issue 15
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The Politics of Compassion

Advocate of Engaged Buddhism, Ken Jones believes we need both personal and social transformation to address the critical problems of the modern world

Living 2,500 years after the Buddha, our primary task is, as it always has been, to open the ‘Third Eye’ – the eye that perceives the true nature of the human condition. But what has happened over those two and a half millennia now also requires us to open a Fourth Eye, which can see how the Three Fires of greed, ill-will and ignorance have shaped the social culture of modernity. Intellectual understanding is not enough. We need to understand how the self creates an identity out of our speedy, clever, anxious culture.

A sophisticated Buddhist explanation of how society works and history evolves is essential if there is to be widespread conviction of the need for outer as well as inner change in creating a better future. It is no longer enough simply to argue that our ills are down to personal delusion. How much longer can conventional Buddhist teaching ignore the social forces that fire up the individual? If the roots of greed are to be exposed, why not the consumerism that feeds them? If truculence and rancour, why not the aggressive, ‘in-your-face’ culture that stokes up hatred and makes it socially acceptable?

Lack of awareness of how our culture shapes our behaviour and perceptions can make us impervious to the forces at work in the social arena. The traditional misogyny of most religious traditions is a case in point. And there have been many insightful sages whose public views have been naïve, pedestrian, crudely prejudiced, or just downright silly. Carl Jung sometimes reads as a pre-war Swiss-German bourgeois. Yasutani Roshi even added anti-Semitism to his enthusiasm for Japanese imperial aggression. Indeed Japanese ‘Imperial Way Buddhism’ is the grossest example of how a socially quietistic Buddhism – preoccupied with individual awakening – is vulnerable to cultural and political co-option.

Delusion Supercharged

The existential delusion expounded by the Buddha with regard to individual minds is today embedded in aggressive and acquisitive social structures and institutions. Over the past 2,500 years the Three Fires have created a society that would be considered pathological in an individual. Following the Second World War Arthur Koestler concluded that, ‘if one looks with a cold eye at the mess man has made of his history, it is difficult to avoid the conclusion that he has been afflicted with some built-in mental disorder which drives him towards self-destruction’.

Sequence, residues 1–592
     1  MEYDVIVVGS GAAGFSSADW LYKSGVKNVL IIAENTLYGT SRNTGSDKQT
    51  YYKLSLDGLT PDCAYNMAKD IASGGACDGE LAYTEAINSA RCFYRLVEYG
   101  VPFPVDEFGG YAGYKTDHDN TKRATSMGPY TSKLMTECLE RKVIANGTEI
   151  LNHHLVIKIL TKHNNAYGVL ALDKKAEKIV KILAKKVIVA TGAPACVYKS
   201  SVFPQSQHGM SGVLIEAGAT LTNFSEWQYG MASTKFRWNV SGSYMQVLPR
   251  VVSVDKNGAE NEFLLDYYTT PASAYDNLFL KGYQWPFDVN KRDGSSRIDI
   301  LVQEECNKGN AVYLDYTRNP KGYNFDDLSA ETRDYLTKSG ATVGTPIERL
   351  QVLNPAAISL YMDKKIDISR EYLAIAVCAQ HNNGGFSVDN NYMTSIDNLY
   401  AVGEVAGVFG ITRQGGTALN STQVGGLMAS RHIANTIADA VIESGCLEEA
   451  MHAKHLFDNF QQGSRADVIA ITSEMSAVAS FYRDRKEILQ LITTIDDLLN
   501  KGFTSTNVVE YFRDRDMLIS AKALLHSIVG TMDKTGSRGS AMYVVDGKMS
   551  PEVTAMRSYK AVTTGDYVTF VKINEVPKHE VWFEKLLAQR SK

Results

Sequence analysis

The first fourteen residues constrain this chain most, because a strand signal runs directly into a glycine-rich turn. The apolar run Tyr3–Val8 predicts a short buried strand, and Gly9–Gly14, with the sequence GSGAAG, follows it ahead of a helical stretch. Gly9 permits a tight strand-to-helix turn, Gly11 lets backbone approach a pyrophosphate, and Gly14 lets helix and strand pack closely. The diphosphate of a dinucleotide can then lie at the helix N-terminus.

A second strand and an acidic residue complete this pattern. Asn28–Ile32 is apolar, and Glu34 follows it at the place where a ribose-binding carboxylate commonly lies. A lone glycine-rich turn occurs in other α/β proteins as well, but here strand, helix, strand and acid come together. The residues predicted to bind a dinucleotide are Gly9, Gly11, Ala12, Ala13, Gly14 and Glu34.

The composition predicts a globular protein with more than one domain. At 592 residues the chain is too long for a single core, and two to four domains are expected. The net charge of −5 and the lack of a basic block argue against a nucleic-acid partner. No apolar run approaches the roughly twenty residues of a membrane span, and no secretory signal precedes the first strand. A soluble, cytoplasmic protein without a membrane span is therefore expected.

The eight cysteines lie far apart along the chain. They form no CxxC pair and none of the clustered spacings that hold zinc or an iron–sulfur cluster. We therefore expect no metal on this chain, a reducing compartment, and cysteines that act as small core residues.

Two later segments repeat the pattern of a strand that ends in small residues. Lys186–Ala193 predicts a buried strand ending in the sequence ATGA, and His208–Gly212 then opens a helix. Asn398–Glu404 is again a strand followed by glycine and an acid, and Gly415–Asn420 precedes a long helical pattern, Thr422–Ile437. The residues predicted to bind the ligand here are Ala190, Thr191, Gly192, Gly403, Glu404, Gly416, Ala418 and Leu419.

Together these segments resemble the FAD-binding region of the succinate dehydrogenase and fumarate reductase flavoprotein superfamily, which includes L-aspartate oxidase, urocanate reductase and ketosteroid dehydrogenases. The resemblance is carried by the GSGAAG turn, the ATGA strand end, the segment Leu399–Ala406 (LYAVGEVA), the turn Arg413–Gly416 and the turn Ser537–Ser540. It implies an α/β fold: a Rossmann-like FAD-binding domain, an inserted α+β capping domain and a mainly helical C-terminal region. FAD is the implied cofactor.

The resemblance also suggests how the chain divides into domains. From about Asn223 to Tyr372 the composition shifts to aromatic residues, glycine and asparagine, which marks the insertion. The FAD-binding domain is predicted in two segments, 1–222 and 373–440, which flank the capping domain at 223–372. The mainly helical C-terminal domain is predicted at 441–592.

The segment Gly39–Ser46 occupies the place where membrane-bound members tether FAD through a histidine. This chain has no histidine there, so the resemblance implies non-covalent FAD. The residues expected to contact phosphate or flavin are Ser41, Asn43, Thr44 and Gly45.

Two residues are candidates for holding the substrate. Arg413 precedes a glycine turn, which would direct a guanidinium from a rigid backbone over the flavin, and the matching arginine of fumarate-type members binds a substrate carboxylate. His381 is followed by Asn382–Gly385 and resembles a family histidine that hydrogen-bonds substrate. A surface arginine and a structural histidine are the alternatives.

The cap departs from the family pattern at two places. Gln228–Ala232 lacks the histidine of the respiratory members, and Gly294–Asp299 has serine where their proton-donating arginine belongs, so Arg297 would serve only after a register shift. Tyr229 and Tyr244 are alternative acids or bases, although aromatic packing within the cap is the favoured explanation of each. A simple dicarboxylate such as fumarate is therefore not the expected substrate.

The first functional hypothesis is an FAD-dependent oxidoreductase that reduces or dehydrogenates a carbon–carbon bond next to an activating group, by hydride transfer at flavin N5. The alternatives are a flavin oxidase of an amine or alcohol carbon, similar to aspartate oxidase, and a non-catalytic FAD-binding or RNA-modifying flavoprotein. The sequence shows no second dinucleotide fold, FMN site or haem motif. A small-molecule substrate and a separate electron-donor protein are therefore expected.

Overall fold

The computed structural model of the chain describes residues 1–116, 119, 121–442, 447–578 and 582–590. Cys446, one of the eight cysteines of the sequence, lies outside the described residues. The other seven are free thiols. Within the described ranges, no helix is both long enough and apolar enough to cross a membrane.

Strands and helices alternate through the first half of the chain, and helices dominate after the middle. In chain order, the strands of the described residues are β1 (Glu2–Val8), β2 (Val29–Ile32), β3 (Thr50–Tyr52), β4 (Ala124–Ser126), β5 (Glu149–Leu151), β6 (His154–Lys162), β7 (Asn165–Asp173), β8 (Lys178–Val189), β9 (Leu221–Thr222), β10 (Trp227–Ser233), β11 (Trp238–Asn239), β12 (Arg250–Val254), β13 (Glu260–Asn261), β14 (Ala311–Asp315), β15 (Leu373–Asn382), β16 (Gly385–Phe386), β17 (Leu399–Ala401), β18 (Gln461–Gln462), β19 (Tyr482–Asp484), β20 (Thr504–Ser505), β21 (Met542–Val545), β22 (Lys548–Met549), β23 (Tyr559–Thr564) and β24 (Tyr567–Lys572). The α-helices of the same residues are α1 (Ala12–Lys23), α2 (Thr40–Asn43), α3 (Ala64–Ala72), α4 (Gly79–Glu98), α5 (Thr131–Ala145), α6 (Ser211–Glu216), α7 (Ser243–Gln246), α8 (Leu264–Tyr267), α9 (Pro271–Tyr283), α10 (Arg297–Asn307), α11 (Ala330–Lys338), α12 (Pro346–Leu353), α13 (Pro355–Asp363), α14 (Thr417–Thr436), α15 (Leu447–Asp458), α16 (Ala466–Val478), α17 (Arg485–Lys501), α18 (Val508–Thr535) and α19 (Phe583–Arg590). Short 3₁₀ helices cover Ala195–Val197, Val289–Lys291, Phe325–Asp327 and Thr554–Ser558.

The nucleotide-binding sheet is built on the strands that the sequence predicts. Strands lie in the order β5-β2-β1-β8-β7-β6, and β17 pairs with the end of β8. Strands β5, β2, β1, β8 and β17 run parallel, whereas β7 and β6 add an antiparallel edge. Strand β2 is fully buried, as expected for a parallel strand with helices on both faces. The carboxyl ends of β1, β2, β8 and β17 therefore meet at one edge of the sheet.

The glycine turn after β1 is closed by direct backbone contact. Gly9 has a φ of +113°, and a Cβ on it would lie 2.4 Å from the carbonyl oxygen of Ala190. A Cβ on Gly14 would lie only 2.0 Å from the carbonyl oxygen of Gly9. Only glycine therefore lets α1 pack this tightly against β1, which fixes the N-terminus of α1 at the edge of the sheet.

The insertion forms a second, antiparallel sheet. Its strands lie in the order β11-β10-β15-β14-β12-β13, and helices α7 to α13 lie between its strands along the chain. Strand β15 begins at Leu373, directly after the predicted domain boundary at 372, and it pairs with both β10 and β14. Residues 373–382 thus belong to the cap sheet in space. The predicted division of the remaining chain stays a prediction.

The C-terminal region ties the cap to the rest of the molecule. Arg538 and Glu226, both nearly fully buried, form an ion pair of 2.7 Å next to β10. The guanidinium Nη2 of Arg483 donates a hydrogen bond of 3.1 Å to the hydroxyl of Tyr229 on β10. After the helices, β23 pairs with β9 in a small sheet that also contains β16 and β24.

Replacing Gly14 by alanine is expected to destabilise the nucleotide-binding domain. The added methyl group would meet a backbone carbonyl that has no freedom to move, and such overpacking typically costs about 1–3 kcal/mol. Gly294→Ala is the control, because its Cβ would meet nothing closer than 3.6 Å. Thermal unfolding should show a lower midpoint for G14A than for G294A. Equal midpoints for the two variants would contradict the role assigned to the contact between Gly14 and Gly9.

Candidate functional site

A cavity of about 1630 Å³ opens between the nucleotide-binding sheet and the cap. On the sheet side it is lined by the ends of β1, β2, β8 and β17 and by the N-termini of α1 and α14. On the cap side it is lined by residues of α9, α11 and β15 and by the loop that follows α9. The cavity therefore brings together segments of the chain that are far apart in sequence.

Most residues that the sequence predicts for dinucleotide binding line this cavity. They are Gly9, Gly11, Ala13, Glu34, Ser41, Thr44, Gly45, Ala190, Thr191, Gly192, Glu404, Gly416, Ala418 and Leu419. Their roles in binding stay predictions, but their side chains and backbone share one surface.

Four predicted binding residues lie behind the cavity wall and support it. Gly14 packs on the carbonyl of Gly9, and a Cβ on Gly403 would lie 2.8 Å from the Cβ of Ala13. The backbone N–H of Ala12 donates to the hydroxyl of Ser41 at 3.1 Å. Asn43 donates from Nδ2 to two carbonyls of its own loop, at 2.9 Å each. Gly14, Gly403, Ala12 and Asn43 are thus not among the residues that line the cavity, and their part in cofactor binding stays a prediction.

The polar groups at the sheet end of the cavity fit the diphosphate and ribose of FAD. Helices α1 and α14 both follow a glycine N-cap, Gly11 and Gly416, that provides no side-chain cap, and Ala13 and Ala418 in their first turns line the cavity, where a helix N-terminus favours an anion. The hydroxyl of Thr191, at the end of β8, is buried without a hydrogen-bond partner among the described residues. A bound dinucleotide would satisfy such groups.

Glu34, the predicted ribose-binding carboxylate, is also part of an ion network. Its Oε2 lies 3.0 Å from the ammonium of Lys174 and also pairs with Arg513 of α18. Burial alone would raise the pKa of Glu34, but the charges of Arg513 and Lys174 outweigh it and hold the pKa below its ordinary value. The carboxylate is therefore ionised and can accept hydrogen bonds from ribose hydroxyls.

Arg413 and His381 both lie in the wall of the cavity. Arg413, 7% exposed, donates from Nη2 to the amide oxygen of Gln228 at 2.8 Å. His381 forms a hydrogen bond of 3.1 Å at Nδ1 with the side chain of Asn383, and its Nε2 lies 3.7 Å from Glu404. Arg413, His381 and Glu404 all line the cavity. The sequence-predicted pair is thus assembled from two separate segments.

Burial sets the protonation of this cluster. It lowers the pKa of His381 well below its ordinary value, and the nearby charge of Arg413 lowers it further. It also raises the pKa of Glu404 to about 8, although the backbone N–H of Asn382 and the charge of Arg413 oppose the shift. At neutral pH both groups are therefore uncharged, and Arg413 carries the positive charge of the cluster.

Social cultures legitimise and inflame the ego’s appetites, whether in patriotic wars or in the shopping mall. Delusion is institutionalised through belongingness – identifying with a nationality, ethnic group, social class, gender and so on. We define our collective identity over and against them, upon whom we gratifyingly project our rancour. Every day tabloid newspapers demonstrate how this works.

Society legitimises and rewards those strong enough to build an identity through ‘standing out’ or ‘making their mark’, however heartlessly they achieve this. This is especially so in our present highly individualistic culture. Its public face is global, free-market capitalism – today’s dominant ideology. Like older ideologies it offers a simplistic world view, substituting market forces for social ethics while proclaiming ‘the end of ideology’.

The World Trade Organisation and similar bodies have produced a large and growing body of regulation, which denies most of the world’s population the ability to challenge a purportedly ‘free’ market that in fact disadvantages them. Of the six billion people in the world half live at subsistence level, and one billion of these live brief lives of abject poverty. Of the other half, two billion scrape a living on the fringes of the money economy. The remaining billion have a more or less regular income and can aspire to the ‘culture of contentment’ offered by consumerism and enjoyed by a small minority within that billion.

At the very top are 350 people whose estimated wealth exceeds that of 45 per cent of the world’s population and would be sufficient to remedy a wide range of global material needs. Even in the industrial countries, the gap between rich and poor is growing. And, beyond the statistics of Gross National Product, a wide range of indicators suggest that the quality of life of most people is steadily falling.

I shop therefore I am

If free-market ideology is the theology of modernity then consumerism is its popular religion. Unaware human beings are insatiable animals. They experience as needs all those wants that lie beyond sufficiency. It is not so much the usefulness or beauty of an object or experience that makes it desirable. What momentarily fills the sense of lack is the act of possession, the excitement of acquiring what the object stands for. It may be the exotic holiday which ‘takes you out of yourself’, an attractive partner, or just the logo on a garment. Style, power, culture, savoir-faire, a caring green image, or even the expectation of spiritual enlightenment can all be purchased by buying the goods and experiences that symbolise them. Consumer culture is the water in which we swim, and it is much deeper than advertisements or shopping trolleys. As William Burroughs observed: ‘The junk merchant doesn’t sell his product to the consumer; he sells the consumer to the product’.